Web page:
Cathryn Horner, who leads the county’s oft-troubled purchasing department, told commissioners that she “initiated a review” of the vendor selection process after receiving two letters she would only describe as containing “allegations.”
Horner said she felt an investigation was appropriate so the county “can move forward with the recommendation with a clear conscience.”
Neither she nor other officials have provided more information regarding the nature of the allegations. And the county denied The Atlanta Journal-Constitution’s open records request for the letters, saying they were “part of an on-going investigation” and not subject to release.
In a statement provided Monday, the county did not offer further details.
“At this time we aren’t going to comment on the internal investigation other than to confirm that purchasing is working with the law department to investigate the information received,” the statement said.
A total of seven firms submitted bids for the $61 million contract, which was put out for bid in December, according to records. The recommendation to commissioners is to split the work among three companies: the Renee Group, Inland Pipe Rehabilitation and Kemi Construction Company. The recommendation calls those firms “the three overall lowest, responsive and responsible bidders.”
The work associated with the contract involves rehabbing or replacing gravity sewer lines in "critical" areas where sewage spills have frequently occurred over the years. It's directly tied to DeKalb's 2010 consent decree with state and federal environmental regulators and is vital to the county's compliance with the Clean Water Act.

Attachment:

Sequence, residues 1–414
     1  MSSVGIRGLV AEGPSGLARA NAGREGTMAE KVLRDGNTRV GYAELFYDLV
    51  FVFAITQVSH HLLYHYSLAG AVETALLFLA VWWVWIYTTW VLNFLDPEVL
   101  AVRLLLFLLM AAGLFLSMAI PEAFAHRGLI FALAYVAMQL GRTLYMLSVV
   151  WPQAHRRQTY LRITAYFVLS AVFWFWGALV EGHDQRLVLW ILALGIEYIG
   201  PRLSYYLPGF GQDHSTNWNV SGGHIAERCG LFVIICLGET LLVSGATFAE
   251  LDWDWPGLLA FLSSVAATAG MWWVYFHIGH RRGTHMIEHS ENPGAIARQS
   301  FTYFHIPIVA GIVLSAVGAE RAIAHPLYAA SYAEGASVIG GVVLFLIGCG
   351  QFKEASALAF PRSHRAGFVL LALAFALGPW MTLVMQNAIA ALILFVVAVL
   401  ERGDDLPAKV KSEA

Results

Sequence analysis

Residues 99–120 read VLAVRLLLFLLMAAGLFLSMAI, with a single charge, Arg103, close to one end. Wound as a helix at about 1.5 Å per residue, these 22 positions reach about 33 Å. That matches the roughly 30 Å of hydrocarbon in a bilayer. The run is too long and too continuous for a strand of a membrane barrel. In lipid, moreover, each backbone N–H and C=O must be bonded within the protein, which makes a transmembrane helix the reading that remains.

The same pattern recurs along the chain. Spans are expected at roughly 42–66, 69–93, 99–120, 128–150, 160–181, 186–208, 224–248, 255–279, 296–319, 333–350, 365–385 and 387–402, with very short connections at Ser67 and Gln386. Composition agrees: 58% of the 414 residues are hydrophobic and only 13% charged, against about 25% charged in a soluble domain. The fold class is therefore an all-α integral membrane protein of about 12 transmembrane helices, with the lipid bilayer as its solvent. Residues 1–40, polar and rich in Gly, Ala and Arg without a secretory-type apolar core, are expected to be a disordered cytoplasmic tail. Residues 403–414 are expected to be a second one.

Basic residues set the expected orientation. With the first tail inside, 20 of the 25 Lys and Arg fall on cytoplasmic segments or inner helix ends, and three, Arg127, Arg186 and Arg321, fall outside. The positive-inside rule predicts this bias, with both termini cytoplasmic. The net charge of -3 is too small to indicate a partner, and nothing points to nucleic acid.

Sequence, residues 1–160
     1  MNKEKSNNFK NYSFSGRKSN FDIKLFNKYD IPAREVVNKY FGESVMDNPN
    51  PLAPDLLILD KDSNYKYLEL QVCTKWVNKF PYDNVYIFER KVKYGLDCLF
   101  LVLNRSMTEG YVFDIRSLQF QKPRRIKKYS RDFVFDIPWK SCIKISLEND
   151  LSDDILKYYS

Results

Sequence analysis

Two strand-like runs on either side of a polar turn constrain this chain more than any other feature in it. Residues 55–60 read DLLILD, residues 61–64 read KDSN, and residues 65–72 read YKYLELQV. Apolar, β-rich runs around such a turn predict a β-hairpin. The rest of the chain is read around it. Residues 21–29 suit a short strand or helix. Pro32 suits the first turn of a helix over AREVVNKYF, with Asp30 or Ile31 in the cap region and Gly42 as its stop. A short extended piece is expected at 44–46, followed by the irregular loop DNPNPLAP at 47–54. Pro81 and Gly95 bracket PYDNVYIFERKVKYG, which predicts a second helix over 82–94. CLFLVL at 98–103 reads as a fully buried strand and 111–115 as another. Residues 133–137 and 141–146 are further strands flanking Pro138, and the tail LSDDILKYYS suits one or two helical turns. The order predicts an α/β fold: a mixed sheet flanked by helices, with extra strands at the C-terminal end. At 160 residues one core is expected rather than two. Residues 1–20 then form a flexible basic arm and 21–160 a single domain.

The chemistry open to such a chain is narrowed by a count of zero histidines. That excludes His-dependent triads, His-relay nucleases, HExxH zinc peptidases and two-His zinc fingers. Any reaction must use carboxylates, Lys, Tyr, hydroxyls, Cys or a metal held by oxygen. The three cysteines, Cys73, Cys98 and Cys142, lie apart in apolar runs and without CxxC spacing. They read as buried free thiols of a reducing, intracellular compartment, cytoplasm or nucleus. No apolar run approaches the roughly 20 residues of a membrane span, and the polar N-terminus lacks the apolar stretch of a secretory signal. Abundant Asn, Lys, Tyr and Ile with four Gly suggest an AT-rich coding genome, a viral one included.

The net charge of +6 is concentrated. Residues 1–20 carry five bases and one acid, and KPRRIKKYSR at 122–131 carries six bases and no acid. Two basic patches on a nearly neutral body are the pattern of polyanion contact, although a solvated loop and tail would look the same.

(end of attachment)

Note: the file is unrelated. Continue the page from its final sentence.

If confirmed, any malfeasance in the contract's selection process would be another pock on DeKalb's purchasing and watershed management departments — both of which have well-documented histories of controversy and corruption.
An outside audit released in 2019 found that the purchasing department, which solicits bids from companies vying for lucrative county contracts, was "at high risk for waste, fraud, corruption and abuse."
Horner took over as interim chief procurement officer in February after her predecessor, Talisa Clark, resigned. Clark was featured prominently in a whistleblower lawsuit filed by a former employee, who alleged supervisors ignored her attempts to highlight conflicts of interest and potential bid-rigging within the department.
Another purchasing department leader, Felton Williams, was reassigned in February.
Leaders from watershed management signed off on the award recommendation for the pending $61 million contract and would oversee the work. Mismanagement and corruption within that department are largely responsible for the the county's lack of progress toward the consent decree, which is currently being renegotiated ahead of the original June 20 deadline that won't be met.
“With all of our procurements we want to proceed in a manner that is above question,” Williams, the COO, said last week. “So we have been willing in the past, and we’ll continue to be willing wherever possible, to stop … and evaluate just to be sure that the recommendations that we’re providing to the commission are appropriate and without any reason for concern.”